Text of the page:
Real people like to be talked to, not talked down to. Approaching them (through your writing) in a conversational style makes them relax. It opens them up to your message. Every good salesperson knows you have to get your customers to trust you before you ever speak a single line of your pitch. A conversational tone is one great way to do that.
Address your audience personally. For example, instead of writing “Online marketers want tips they can turn into traffic,” write “You want tips you can turn into traffic,” when your audience is, in fact,online marketers.
If you can tell a good joke, that’s great. Humor puts an audience in a good mood. But if you can’t do it well, skip it. Not every good public speech opens with a funny anecdote. Some bad ones do, and they start out badly because the speaker just doesn’t have the knack for putting one over. Not everyone is Jack Benny or Steve Martin or Jon Stewart. (See what I mean about the importance of knowing your audience?)
Part of the way you can ‘put stories over’ is by being believable. That’s as true in written content as it is in live speeches. It’s another way you build trust with the audience. Your readers have to be willing to at least give you the benefit of the doubt, if not wholly embrace your every word.
Beyond offering an engaging style and trustworthy content, you have to get specific if you want to connect to them. Your visitors are busier than ever. They want practical, useful info in easy-to-digest bites. To do that, you have to get down to the nitty gritty. You have to zero in on a small number of key messages, and then be concrete about them.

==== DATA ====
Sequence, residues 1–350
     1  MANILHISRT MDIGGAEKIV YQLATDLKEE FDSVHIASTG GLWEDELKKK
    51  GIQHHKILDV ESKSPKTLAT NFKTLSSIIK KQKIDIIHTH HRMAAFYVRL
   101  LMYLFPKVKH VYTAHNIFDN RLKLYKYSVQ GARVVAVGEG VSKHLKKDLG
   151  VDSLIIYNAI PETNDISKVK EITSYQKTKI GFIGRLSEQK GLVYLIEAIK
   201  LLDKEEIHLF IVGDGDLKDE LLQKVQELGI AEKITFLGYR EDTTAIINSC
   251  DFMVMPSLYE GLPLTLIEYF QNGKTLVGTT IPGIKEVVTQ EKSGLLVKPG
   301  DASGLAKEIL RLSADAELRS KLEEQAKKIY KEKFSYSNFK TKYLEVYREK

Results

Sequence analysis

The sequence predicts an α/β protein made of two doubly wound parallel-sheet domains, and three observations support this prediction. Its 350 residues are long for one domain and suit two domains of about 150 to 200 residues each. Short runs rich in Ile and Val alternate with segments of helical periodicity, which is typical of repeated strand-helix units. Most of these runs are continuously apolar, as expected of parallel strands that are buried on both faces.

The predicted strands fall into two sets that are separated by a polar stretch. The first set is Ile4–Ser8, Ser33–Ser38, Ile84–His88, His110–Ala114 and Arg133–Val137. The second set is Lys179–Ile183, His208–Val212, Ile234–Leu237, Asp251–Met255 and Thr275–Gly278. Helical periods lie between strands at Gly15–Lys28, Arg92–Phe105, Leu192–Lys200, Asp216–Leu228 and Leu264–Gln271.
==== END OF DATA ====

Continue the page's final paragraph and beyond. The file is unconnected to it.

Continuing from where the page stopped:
It’s one thing to say “Nutri-Box is the finest supplement ever devised!” Yeah, who hasn’t heard that kind of hype a million times? It’s another to say, “Nutri-Box provides three healthy ingredients – Folic acid, Chromium, and Beta Carotene” then go on to explain how each is vital to good health.
That’s not hype, it’s useful information. If it comes from someone viewed as an expert, it will be taken seriously. Being viewed as an expert translates directly into increased income for all the reasons we talked about above.
Make It Zing, but Keep It Real
Cynics say that marketing is all sizzle and no steak. Someone else might argue that steak is filling and sizzle is phony. The fact is, both these components are crucial to connecting with an audience. You have to have something worth selling (even if that is just your words),and you have to make it appealing. Both those lead to good word-of-mouth. Fall down on either task and you encourage negative word-of-mouth, a sales killer.
Create eye-catching article titles and email subject lines. Create what novelists call “a hook,” a simple but compelling statement that makes your reader want to read more. The same idea works for website copy and info-products. Identify a problem shared by most in your audience and draw your readers in with the promise of solving it painlessly.Then deliver on the promise.
There are several ways to keep your audience interested to the end, and leave them smiling while you’re taking your bows. One effective way is to summarize, perhaps with bullet points, the main ideas you presented. State the ‘take away’ in bold. Another is to close with a memorable anecdote that encapsulates the “moral of the story.”
Or, you can just say “Thanks for listening; I hope you got something useful out of what I had to say.” You’ll know soon enough whether they were happy they spent time with you. You’ll see traffic increase or fall. Revenue will rise or stay flat. Or, blunt comments – pro and con – will tell you whether or not you hit the mark.